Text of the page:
No investment strategy or risk management technique can guarantee returns or eliminate risk in any market environment. All investments include a risk of loss that clients should be prepared to bear. The principal risks of HBCM strategies are disclosed in the publicly available Form ADV Part 2A. Risk associated with equity investing include stock values which may fluctuate in response to the activities of individual companies and general market and economic conditions.

The model performance shown was created by HBCM utilizing Portfolio Attribution within Factset for each investment portfolio listed. The model performance shown is not indicative of future performance, which could differ substantially. It does not reflect actual account performance for any specific client or a composite performance for a group of clients. Model results represent what an investor’s returns might have been, had they been invested in the exact investments using the exact same allocation for the exact same time period for the model portfolio reflected. This does not reflect the impact that material economic and market factors may have had on decision making. The results shown were achieved by means of a mathematical formula.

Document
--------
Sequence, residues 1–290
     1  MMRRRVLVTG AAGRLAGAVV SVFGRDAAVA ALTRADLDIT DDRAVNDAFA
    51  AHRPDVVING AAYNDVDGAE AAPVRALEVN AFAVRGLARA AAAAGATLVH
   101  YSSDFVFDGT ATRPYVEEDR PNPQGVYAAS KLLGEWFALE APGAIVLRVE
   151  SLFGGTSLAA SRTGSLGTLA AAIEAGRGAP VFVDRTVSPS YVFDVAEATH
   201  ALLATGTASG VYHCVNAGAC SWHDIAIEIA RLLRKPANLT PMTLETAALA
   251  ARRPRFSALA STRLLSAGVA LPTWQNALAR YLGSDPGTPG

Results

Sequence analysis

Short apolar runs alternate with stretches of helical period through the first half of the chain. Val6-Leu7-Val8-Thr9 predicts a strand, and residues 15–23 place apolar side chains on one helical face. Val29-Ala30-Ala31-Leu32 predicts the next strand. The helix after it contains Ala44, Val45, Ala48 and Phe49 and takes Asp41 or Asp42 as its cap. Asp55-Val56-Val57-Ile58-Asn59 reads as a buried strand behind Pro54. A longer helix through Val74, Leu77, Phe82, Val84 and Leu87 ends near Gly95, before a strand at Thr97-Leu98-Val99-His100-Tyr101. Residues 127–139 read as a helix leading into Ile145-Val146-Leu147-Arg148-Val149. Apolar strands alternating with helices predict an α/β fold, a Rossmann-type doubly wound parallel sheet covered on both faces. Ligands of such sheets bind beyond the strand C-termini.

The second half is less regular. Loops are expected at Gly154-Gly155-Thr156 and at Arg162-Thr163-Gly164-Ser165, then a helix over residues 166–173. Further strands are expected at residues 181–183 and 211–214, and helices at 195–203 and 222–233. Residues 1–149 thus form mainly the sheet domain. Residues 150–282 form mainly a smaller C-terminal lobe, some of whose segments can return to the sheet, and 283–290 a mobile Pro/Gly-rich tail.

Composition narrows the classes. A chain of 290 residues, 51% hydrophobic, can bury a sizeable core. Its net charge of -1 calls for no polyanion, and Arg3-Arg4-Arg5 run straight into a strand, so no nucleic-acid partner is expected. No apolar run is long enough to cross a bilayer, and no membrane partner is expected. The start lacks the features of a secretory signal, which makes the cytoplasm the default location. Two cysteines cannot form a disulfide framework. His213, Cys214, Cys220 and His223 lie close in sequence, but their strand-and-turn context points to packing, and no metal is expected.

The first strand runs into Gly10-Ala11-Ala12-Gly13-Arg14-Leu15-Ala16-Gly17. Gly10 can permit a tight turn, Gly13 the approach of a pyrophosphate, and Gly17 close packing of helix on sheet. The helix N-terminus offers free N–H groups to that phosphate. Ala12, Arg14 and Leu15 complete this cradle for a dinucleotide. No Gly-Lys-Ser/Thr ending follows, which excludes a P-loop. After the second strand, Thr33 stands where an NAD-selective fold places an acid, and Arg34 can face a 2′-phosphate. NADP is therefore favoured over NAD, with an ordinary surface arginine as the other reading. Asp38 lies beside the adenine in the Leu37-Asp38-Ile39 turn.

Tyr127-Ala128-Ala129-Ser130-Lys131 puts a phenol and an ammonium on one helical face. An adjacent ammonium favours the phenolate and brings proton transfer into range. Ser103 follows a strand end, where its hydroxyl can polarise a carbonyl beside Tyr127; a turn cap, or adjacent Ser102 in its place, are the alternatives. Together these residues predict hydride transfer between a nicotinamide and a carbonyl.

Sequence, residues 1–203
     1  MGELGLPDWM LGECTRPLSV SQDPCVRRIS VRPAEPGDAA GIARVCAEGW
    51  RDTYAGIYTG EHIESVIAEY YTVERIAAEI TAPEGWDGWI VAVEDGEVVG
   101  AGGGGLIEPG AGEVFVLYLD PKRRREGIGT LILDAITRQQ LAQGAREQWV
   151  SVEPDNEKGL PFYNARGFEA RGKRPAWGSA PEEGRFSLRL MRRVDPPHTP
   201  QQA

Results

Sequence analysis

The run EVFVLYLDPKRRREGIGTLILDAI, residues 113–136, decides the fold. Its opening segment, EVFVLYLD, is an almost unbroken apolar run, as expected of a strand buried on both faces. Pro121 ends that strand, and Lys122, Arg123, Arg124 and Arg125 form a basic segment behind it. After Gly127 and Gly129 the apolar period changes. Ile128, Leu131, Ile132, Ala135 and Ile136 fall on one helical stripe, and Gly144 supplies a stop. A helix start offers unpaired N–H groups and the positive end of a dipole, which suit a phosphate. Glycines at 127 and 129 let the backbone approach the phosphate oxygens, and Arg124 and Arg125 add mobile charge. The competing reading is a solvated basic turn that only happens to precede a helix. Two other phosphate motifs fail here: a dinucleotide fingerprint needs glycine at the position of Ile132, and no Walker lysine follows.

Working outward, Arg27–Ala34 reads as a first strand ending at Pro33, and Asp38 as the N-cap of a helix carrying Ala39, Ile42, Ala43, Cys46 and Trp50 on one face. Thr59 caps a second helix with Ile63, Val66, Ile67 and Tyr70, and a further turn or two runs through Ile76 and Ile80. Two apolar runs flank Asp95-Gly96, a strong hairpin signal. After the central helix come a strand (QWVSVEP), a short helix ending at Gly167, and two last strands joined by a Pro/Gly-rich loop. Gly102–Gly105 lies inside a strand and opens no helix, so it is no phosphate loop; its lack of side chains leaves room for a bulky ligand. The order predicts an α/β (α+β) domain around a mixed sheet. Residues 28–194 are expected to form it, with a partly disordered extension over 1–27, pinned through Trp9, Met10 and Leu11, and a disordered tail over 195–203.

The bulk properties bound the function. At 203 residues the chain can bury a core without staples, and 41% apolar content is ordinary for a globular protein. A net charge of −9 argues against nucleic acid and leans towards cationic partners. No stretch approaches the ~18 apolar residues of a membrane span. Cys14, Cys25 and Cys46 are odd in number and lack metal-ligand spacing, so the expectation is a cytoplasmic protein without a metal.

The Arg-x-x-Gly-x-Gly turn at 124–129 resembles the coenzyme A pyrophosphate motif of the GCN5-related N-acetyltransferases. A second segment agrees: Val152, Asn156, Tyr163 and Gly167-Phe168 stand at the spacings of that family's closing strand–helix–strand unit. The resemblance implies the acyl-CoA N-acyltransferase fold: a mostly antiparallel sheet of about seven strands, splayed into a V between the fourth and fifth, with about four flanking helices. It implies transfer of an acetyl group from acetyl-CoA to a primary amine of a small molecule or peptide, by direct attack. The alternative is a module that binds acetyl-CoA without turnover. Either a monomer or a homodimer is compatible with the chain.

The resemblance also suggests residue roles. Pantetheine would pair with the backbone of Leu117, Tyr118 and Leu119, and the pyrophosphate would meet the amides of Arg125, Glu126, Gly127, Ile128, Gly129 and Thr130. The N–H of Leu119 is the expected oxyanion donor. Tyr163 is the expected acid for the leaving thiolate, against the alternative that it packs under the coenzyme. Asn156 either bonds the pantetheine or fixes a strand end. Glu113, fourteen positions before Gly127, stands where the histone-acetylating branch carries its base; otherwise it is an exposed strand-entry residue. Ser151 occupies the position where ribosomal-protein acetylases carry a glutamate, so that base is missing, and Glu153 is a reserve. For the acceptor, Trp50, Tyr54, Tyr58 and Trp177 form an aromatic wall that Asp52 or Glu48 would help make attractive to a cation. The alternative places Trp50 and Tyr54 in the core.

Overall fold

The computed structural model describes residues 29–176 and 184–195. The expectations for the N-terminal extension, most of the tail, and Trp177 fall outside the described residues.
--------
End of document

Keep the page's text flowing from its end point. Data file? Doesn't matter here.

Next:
Actual returns will be reduced by investment advisory fees and other expenses that may be incurred in the management of the account. The collection of fees produces a compounding effect on the total rate of return net of management fees. The applicable fees are described in Part II of the Form ADV.

Index returns are unmanaged and do not reflect the deduction of any fees or expenses. Index returns reflect all items of income, gain and loss and the reinvestment of dividends and other income. You cannot invest directly in an Index.

All information has been obtained from sources believed to be reliable, but its accuracy is not guaranteed. There is no representation or warranty as to the current accuracy, reliability or completeness of, nor liability for, decisions based on such information and it should not be relied on as such.